- MikeWParticipant@mikew1Join Date: 2017Post Count: 1
First time poster…..
My wife and I are keen to start investing in property but are going round in circles in terms of freeing up initial capital to get started. We have owned and occupied a property for 3 years that has had significant capital gains, and the sale of this will provide us with a great pot of cash to get going.
However to best use this we would likely look to rent and use our capital on investments. But a rental property would see us essentially at a net loss per month; i.e:
Current Mortgage + Strata + Council: $3000 pm
(Of this $1000) pays off our principal.
Current rental property rates: ~$3400
My question is that by renting I will be $400 per month worse off than I currently am ($1400 if principal repayments are included). Therefore to break even I would need to make this money ASAP through investments via positively geared property and principle payments.
I’m interested in if other people have faced this situation and how other people have framed their thinking around this situation to assess options.
Appreciate any guidance you can give….Nigel KibelParticipant@nigel-kibelJoin Date: 2005Post Count: 1,425
I think it is always a hard decision.
However it depends on what sort of income you are paying and what sort of tax you are paying.
With an investment property consider the following
You can negatively gear and claim all the deductions such as depreciation and interest payment ect. You cannot do this with an owner occupied property.
When buying an investment the bank will allow around 80% of the rent when calculating what you can borrow so it is possible that you could buy a more expensive property in a better location than where you can afford to buy.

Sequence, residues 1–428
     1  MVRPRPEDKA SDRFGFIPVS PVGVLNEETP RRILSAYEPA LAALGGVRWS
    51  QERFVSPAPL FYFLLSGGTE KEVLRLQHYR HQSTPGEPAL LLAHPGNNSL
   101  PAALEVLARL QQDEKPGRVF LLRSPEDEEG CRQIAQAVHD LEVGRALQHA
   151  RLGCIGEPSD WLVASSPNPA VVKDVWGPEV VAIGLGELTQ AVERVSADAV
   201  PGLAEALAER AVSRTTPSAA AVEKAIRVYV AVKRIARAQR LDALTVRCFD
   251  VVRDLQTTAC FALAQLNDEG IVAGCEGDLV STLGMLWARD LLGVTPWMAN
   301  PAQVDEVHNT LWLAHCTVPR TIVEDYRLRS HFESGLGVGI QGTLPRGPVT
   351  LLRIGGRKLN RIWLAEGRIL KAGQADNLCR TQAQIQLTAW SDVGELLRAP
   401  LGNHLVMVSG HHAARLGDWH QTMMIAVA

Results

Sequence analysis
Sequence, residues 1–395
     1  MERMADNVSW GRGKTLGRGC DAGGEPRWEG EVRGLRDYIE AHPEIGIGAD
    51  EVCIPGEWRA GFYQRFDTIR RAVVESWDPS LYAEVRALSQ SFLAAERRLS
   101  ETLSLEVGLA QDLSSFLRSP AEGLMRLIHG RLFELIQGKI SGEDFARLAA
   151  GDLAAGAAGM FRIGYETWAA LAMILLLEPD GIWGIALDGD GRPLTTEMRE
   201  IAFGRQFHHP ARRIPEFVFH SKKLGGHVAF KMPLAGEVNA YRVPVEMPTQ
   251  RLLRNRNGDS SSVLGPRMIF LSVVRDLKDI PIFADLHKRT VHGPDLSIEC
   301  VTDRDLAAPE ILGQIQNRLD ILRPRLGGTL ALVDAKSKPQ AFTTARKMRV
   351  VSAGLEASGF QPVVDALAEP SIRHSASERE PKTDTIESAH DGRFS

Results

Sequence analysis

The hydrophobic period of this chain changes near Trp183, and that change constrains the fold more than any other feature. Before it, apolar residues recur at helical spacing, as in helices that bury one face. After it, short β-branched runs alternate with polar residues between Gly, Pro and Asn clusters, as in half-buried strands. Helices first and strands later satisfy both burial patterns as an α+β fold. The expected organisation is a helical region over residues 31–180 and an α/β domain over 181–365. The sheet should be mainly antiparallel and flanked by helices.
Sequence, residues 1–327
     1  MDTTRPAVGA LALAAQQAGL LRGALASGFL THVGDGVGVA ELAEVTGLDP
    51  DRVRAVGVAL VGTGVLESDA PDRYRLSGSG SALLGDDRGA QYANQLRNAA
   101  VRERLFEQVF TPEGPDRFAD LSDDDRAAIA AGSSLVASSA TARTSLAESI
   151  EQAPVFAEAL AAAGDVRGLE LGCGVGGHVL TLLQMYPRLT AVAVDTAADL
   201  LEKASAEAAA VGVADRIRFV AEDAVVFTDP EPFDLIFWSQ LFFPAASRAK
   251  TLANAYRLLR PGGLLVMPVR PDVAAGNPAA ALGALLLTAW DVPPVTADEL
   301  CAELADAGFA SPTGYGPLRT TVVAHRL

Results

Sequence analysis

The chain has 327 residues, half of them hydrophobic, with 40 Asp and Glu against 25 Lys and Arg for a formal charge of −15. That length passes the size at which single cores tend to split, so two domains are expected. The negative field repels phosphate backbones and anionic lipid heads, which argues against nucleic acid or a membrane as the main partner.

It is important that if you buy a property with the highest growth. I would suggest that if you buy a property for investment when you sell you will be taxed on 50% of your capital gain.
Buying your own home its your house so you can do what you like with it
When you sell as your principle place of residence you do not pay capital gains tax.
When you weigh up the options it does make more sense to rent and buy investments because it tax delectable and it may enable you to buy more properties. However not everything is about money.hobartchicParticipant@hobartchicJoin Date: 2015Post Count: 8
You figures stack up to a loss. I would stay in my house, pay it off, save some money in super and cash and look to retire and save up for some trips/ time off in between. It’s fine to put your home on the line when you are well, and employed. What happens if you lose your job, or find yourself disabled, or unwell? What happens if you can not find tenants? Those questions are essential to planning. If you must invest in property then buy with cash after you home is paid off. Personally, I would be diversifying my money by putting it in 1) my principal place of residence; 2) super with a diversified portfolio 3) further education at TAFE 4) cash in the bank 5) holidays